Answer: I did start Atlantic-Pacific in San Francisco – hence the coast to coast reference! I lived in SF for nearly five years from 2007-2012. There were so many things that I loved about the city – the incredible views, the architecture, how forward thinking the people are, and all the dear friends that I made. I also fell in love, perhaps more so, with the areas surrounding the city – Napa and Sonoma Valley, Point Reyes, Monterey Bay, Lake Tahoe – there was always endless activity. I still love and admire SF, a city where I have so many found memories. It is where I met my fiancé, made lifelong friends, and had my first corporate job! I actually made a point to pass by my first apartment (in Nob Hill) during a visit last spring and couldn’t help but get emotional remembering how equally scared and excited I was to move 3,000 miles away despite not knowing a single person. The city will always have a special place in my heart. All of that being said, despite how many things I enjoyed about being out west, it never truly felt like home. Originally being from Virginia, going to school in Florida, and having all my family on the east coast, moving back felt more like a homecoming. Plus, NYC is really hard to beat. Will I ever move back west? Never say never, but I believe that I am an east coaster from here on out!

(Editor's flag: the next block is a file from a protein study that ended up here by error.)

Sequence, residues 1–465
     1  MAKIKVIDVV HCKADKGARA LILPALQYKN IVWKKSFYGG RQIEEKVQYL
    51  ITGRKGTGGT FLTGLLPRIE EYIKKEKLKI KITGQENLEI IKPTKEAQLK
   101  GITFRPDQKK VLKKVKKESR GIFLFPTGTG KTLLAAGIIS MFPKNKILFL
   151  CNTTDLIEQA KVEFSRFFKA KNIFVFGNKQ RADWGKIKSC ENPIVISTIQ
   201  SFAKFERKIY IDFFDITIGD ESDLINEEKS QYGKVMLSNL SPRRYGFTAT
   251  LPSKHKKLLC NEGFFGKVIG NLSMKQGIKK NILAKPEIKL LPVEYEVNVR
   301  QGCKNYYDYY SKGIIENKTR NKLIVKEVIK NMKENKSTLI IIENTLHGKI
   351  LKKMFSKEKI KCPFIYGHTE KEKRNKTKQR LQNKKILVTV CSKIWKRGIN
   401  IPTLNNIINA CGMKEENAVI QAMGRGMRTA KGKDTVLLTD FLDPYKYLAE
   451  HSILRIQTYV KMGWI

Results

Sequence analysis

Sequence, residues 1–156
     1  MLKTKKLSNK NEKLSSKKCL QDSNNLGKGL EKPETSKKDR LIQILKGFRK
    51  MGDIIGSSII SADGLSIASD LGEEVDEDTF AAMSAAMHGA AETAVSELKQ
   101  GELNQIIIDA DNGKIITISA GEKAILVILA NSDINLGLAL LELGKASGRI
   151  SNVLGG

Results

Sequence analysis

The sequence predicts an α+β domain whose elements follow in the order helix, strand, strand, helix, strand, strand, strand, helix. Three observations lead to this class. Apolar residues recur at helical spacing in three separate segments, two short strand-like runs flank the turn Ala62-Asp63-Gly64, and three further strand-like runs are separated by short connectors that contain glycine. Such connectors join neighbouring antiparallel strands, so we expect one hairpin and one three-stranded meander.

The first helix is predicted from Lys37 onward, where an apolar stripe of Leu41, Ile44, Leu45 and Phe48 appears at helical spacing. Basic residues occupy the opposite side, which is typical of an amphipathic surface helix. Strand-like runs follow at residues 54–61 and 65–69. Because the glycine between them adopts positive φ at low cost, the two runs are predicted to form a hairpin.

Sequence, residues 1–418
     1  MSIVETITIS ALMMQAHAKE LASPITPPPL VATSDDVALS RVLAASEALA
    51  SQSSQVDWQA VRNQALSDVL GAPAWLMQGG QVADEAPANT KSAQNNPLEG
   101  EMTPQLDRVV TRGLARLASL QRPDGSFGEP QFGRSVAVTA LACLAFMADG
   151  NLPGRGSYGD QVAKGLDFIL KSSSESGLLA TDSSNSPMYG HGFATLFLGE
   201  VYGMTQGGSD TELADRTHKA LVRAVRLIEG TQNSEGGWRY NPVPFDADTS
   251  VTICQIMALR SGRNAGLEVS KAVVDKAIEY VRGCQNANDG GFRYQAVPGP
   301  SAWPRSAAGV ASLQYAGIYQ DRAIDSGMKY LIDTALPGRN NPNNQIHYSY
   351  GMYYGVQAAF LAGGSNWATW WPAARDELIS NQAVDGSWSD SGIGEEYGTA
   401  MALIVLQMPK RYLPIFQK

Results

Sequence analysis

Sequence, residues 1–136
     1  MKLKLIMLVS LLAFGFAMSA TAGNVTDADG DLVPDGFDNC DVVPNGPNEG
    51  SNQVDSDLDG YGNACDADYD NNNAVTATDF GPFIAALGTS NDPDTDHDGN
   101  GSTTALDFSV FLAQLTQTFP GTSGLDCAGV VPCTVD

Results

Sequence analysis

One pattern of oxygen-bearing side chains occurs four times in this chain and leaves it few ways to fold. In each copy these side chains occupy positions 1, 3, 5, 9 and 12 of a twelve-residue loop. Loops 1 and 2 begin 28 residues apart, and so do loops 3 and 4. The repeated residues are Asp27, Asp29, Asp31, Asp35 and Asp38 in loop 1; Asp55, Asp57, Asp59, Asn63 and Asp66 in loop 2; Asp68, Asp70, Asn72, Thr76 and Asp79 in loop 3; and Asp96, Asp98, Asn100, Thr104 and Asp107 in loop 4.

Question: What did you find to be the hardest thing about moving to NYC?